Qwest opens the first-ever rural self-healing fiber ring (not a loony New Age theory, however it may sound)

August 13, 2002

2 Min Read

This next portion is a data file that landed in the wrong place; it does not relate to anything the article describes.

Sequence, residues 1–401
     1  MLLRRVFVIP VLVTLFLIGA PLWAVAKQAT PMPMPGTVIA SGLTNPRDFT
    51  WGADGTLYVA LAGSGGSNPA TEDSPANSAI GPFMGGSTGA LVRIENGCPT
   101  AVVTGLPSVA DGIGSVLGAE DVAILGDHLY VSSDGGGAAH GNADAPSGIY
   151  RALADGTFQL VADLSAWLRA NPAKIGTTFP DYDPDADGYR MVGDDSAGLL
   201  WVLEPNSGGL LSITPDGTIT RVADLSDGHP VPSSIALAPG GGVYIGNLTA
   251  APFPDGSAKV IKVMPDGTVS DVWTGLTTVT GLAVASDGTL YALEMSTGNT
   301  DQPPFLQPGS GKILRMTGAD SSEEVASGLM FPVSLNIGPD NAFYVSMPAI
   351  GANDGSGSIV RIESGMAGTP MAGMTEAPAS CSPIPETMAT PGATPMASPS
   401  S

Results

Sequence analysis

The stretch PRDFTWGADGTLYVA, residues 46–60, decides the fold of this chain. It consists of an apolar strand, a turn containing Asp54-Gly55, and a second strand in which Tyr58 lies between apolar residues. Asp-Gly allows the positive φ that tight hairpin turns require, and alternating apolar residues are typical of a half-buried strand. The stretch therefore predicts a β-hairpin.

PORTLAND, Ore. -- Qwest Communications International Inc. (NYSE: Q - News) announced today that the self-healing fiber ring connecting Southern Oregon communities served by Qwest is now completed and fully operational. The southern ring -- the first of five fiber rings currently under construction in the state of Oregon -- is the first rural ring built by Qwest. When completed, the Oregon rings will be the largest fiber rings ever deployed by Qwest. "The completion of the fiber loop for Southern Oregon is a critical piece of the infrastructure that has been needed for our region. The route redundancy created by this loop will provide us with a self-healing fiber link to areas outside of our region," said Gordon Safley, executive director of Southern Oregon Regional Economic Development, Inc. (SO-REDI). The first self-healing fiber ring connects southern Oregon through Eugene, Roseburg, Grants Pass, Medford, Klamath Falls, Oakridge and back to Eugene. The additional self-healing rings are being established in eastern and central Oregon, as well as in the mid-Willamette Valley and along the north and central Oregon coast. With the completion of these rings, a Qwest intelligent network will be able to instantly reroute voice and data traffic in the event that a cable is cut or service is otherwise interrupted. Individual communities on the fiber rings will no longer be isolated from the rest of the state if an interruption in service occurs. The ring underwent an unexpected test late last week when an independent construction worker cut a Qwest fiber-optic cable. Thousands of customers in southern Oregon would have experienced an eight-hour service outage if the cut occurred prior to the completion of the ring. Instead, the outage went entirely unnoticed by customers. "The ring performed as expected and customers were not impacted by this major fiber cut," said Peppler. "The traffic on the fiber was re-routed within 50 milliseconds to a new redundant path." Qwest Communications International Inc.

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